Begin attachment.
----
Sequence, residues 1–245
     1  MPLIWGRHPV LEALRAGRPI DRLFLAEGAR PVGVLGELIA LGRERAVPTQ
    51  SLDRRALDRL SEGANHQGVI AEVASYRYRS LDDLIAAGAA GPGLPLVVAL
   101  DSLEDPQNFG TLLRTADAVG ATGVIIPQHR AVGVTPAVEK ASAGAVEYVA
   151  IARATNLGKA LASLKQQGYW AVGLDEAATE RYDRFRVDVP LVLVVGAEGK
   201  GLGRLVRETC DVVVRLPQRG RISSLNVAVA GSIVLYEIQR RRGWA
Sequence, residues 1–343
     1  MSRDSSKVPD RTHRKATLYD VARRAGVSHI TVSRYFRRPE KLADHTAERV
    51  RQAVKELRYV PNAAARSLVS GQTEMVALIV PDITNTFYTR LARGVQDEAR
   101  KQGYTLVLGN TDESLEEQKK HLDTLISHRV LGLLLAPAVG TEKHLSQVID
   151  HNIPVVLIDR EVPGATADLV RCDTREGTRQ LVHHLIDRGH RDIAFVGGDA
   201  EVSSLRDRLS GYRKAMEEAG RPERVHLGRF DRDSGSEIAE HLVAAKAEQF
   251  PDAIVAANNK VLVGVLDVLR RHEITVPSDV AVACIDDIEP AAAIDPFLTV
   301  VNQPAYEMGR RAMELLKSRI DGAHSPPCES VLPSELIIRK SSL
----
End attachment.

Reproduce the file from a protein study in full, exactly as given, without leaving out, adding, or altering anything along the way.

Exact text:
Sequence, residues 1–245
     1  MPLIWGRHPV LEALRAGRPI DRLFLAEGAR PVGVLGELIA LGRERAVPTQ
    51  SLDRRALDRL SEGANHQGVI AEVASYRYRS LDDLIAAGAA GPGLPLVVAL
   101  DSLEDPQNFG TLLRTADAVG ATGVIIPQHR AVGVTPAVEK ASAGAVEYVA
   151  IARATNLGKA LASLKQQGYW AVGLDEAATE RYDRFRVDVP LVLVVGAEGK
   201  GLGRLVRETC DVVVRLPQRG RISSLNVAVA GSIVLYEIQR RRGWA
Sequence, residues 1–343
     1  MSRDSSKVPD RTHRKATLYD VARRAGVSHI TVSRYFRRPE KLADHTAERV
    51  RQAVKELRYV PNAAARSLVS GQTEMVALIV PDITNTFYTR LARGVQDEAR
   101  KQGYTLVLGN TDESLEEQKK HLDTLISHRV LGLLLAPAVG TEKHLSQVID
   151  HNIPVVLIDR EVPGATADLV RCDTREGTRQ LVHHLIDRGH RDIAFVGGDA
   201  EVSSLRDRLS GYRKAMEEAG RPERVHLGRF DRDSGSEIAE HLVAAKAEQF
   251  PDAIVAANNK VLVGVLDVLR RHEITVPSDV AVACIDDIEP AAAIDPFLTV
   301  VNQPAYEMGR RAMELLKSRI DGAHSPPCES VLPSELIIRK SSL